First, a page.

“The choice is not between the current crisis and blissful isolation. The choice is between the current crisis and an orderly, managed system of mass migration. You can have one or the other. There is no easy middle ground”

Currently, that “orderly, managed system” has yet to be refined and implemented. In the meantime, the sheer numbers of families and individuals traversing the globe is a clear sign that our world is rapidly becoming a borderless one. It is also becoming more troubling with each passing year. What we face at present is merely the most recent episode of humanity’s troubling journey towards peace and security.

Gandhi’s Seven Sins


Part one of a new series on Gandhi’s Seven Sins.  Link to it here –

As the World Moves

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Read this post on National Newswatch here.

IN CANADA, THERE IS FREQUENTLY THE SENSE that the refugees brought into the country in the last year posed not only a challenge but a kind of calling card to the world of why we still remain such a compassionate land. We feel good about what we’ve done. The disruption of thousands of Syrians families into our communities has been slight compared to the sense of inclusion and accomplishment the challenge created for us.

Yet all this can provide a rather rosy sense of the refugee problem that stands in stark contrast to the rest of the world. It has been reported that there are more displaced people and families in the world than at any time since the Second World War. Then the United Nations High Commission for Refugees (UNHCR) came out with new data revealing that we have already exceeded the refugee fallout from that great conflict – 65.3 million, or one out of every 113 people on the planet. As imposing as that is, it also represents a 5.8 million increase over last year. Here are some revealing statistics from the findings:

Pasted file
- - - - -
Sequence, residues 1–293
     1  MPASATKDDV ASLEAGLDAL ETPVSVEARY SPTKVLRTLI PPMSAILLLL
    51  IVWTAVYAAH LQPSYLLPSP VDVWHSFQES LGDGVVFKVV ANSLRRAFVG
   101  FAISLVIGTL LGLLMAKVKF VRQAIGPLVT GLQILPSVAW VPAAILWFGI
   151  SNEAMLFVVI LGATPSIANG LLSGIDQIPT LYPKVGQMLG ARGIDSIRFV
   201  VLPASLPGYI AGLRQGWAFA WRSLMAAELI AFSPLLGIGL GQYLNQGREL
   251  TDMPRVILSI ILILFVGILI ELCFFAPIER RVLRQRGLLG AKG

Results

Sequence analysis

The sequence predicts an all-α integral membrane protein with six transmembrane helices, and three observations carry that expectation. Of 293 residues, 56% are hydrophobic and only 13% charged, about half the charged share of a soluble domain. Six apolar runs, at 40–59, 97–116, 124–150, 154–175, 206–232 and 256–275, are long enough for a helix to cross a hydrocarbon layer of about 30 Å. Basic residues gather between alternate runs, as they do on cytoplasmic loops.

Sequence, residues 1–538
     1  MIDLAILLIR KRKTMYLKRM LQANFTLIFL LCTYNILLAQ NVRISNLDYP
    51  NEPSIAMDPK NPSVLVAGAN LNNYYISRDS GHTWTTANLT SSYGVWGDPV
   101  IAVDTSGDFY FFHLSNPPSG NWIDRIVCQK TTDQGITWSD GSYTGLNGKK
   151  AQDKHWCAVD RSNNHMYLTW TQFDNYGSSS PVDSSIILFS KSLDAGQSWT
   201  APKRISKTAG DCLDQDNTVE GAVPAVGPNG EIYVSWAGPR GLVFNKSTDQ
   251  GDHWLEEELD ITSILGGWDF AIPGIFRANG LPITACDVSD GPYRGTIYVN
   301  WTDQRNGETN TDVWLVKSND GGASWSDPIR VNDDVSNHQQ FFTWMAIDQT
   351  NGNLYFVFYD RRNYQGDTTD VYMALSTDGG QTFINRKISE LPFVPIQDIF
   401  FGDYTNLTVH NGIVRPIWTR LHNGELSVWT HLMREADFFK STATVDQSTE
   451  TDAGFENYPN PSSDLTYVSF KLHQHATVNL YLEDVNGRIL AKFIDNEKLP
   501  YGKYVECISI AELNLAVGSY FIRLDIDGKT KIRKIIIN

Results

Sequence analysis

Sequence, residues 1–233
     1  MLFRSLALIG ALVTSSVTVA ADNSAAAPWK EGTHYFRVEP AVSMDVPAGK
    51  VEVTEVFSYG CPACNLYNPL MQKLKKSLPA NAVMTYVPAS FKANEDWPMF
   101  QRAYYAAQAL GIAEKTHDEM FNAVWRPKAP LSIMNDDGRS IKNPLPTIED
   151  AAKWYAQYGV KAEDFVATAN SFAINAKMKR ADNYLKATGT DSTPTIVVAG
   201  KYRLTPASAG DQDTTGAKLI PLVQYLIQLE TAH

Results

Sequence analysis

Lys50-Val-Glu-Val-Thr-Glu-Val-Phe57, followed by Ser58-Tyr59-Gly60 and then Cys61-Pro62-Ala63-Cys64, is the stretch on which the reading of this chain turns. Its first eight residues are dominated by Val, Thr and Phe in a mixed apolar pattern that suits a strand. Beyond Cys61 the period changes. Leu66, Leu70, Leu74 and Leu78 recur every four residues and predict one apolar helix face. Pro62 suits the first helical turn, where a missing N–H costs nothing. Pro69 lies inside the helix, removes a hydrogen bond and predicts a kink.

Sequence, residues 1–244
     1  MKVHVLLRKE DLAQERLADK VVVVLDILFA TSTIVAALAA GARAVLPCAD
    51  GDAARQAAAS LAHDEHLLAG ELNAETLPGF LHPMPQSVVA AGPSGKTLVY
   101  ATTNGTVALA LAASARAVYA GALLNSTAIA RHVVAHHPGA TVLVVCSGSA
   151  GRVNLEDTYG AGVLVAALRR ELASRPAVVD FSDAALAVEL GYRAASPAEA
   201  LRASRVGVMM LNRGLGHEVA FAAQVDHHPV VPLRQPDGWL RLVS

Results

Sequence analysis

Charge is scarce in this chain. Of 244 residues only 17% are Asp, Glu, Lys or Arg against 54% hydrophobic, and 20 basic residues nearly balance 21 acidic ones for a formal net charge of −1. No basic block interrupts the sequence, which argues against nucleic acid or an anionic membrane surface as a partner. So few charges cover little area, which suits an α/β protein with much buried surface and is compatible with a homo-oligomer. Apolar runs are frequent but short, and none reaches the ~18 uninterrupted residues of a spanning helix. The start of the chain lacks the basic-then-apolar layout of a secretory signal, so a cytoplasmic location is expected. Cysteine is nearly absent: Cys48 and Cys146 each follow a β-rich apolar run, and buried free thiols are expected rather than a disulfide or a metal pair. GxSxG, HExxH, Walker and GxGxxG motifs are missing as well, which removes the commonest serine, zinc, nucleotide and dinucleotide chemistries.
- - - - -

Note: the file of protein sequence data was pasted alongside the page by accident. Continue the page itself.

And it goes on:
• The population of displaced people around the world now exceeds the entire population of the United Kingdom
  • If the total number of displaced formed a country, it would be the 21st largest in the world
  • 24 people are being displaced every minute
  • over half the refugees come from Syria, Afghanistan, and Somalia
  • Up until now, Turkey has played host to more refugees than any other nation
  • Among the great number of refugees, 100,000 are unaccompanied children

So, yes, outside of climate change, the refugee dilemma in the most serious of modern times, but we shouldn’t fool ourselves into thinking that it is the affluent West that is taking on the greatest load. As the Globe and Mail’s Geoffrey York reminded us recently, it is the poorer nations, not the wealthy ones that are bearing the brunt of the phenomenon. That makes sense when we consider the political thunderclouds in France, Germany, Britain, the United States, and now Turkey, as a result of its recent coup, that has now created a strong backlash against immigrants and refugees. The relative peace in Canada aside, the age of relatively compassionate democracy seems more on its way out than expanding.

All this leaves the poorer parts of the globe to deal with the refugee fallout. As York reminds us, 86% of all refugees are being sheltered in poor and developing nations. Five of the ten largest hosts of refugees were from sub-Saharan Africa. On the basis of challenges to the national economy, those bearing the greatest burden are the Democratic Republic of the Congo, Ethiopia, Pakistan, Uganda, and Kenya. In Lebanon, 183 of every 1,000 people are refugees.